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North Hempstead villages set spending plans for 2018-2019

Four villages approve budgets featuring no tax increases. Key spending includes roads, parks, staff and paying down debt.

On Monday, Mineola Mayor Scott Strauss discussed the village budget that was passed by trustees last week, which features a 0% tax increases for residents for the third year in a row. The $26.14 million budget represents a 2.8 percent increase in spending over the 2017-18 budget, while maintaining property taxes at present rates. (Credit: Newsday / Khristopher J. Brooks)

Villages across the Town of North Hempstead finalized their 2018-19 budgets last week with four passing spending plans that feature no property tax increases.

Great Neck, Mineola, Kings Point, and Munsey Park passed budgets that keep property taxes flat for residents. Other villages, including New Hyde Park, approved budgets with tax increases.

Munsey Park set a budget of $1.81 million, which includes funding for new roles such as $12,000 for an architect and $2,500 for a public safety guard. An accountant will receive a 25 percent increase for part time work, from $6,000 last year to $7,500 planned for this year.

Roads and trees are key priorities for the village, with $375,000 planned for road investments and $30,000 dedicated for planting trees. The Munsey Park budget also includes $25,000 for the revitalization of parks and grounds. The village plans on nearly doubling revenue collected from tree permits, from $2,500 to $4,500.

Great Neck’s 2018-19 budget of $9.67 million represents a 1.2 percent decrease from the previous year’s spending. General government support, such as administrative staff and public safety, represent more than 20 percent of the budget. The parking violations department will see a 72 percent funding increase, from $125,850 to $215,250, including $35,000 marked for new equipment. About 13 percent of the annual budget — $1.26 million — will be used to pay off debt service.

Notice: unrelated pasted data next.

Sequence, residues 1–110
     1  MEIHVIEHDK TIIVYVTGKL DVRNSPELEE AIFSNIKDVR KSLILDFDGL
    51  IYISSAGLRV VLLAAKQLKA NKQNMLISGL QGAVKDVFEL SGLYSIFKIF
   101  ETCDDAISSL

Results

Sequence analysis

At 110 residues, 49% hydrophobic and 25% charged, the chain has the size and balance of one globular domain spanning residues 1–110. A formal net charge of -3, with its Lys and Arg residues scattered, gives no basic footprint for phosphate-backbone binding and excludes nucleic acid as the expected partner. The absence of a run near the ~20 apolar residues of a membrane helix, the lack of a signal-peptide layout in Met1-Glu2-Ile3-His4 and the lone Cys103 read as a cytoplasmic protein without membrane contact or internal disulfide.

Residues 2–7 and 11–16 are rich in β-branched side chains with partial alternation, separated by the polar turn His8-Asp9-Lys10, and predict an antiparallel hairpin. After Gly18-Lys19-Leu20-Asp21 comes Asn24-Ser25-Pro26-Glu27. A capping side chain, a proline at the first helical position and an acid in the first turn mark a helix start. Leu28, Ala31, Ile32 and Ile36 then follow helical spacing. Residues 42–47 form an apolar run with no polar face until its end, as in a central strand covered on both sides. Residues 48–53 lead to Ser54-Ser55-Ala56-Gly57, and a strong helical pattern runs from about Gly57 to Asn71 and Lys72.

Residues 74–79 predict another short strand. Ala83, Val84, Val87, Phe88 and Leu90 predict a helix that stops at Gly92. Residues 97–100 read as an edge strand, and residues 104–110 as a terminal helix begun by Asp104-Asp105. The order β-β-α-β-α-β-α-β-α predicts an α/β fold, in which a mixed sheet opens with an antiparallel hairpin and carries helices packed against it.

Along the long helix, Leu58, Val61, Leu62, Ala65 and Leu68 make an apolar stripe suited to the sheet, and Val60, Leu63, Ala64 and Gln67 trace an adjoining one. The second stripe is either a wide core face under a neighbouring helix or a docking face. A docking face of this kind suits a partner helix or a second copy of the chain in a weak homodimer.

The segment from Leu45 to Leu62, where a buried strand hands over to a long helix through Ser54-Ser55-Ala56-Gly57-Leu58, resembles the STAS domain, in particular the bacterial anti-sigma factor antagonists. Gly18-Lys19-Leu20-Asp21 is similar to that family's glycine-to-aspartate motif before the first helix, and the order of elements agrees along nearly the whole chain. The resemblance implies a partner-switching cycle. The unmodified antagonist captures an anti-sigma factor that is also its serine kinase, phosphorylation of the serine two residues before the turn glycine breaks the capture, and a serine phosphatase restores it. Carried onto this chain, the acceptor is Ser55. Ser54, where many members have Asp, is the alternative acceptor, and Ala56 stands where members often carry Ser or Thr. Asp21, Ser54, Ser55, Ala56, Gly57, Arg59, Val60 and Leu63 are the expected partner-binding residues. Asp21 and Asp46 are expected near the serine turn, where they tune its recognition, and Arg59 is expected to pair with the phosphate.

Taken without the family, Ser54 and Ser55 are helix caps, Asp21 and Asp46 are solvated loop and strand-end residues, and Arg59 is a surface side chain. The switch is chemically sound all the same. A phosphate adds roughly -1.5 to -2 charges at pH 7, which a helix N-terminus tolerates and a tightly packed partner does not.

The Great Neck budget also includes capital projects in a three year plan; investments for next year include $520,000 for road resurfacing and improving sidewalks.

Kings Point’s $17.33 million budget marks nearly a 3 percent increase from last year’s budget of $16.83 million. Public Safety, with a budget of $7.34 million, comprises about 42 percent of the total village budget. The police department alone has a $5.33 million for the coming year. Debt service accounts for the second highest spending percentage of the Kings Point budget, with $2.26 million in payments for capital projects.

Trustees in Mineola passed a $26.14 million budget last week that represents a 2.8 percent increase in spending compared to the 2017-18 budget.

Mineola’s budget calls for spending $20.7 million in the general fund, $2.4 million in the water fund, $2.1 million in the library fund and $774,953 in the swimming pool fund. Village officials project Mineola will get an extra $30,000 in revenue this fiscal year from plumbing and electrical permits, as well as an extra $65,000 in building permits and an extra $5,000 in business licenses.

“This zero [tax increase] is with no gimmicks, no bells and whistles,” said Paul Pereira, deputy mayor. “We’re not raising fees and services or nickel-and-diming people.”

New Hyde Park earlier this month passed $6.43 million budget that raised property taxes by 1.65 percent. The increase, which Mayor Lawrence Montreuil called “modest,” will generate an extra $96,744 in revenue for the village and will mean an extra $19.44 next year on the average homeowner’s tax bill.

In Floral Park, trustees presented a $29.88 million budget that raises property taxes by 2.93 percent. For the average homeowner, the increase means an extra $118.97 in their annual tax bill. Trustees plan to vote on the proposed budget May 1.

Floral Park Mayor Dominick Longobardi said taxes are going up because costs to run essential services are increasing.

“One cost in particular that continues to rise is health care costs for our employees who provide the services,” he said. “The predictions for next fiscal year is that these costs will rise another 8 percent.”

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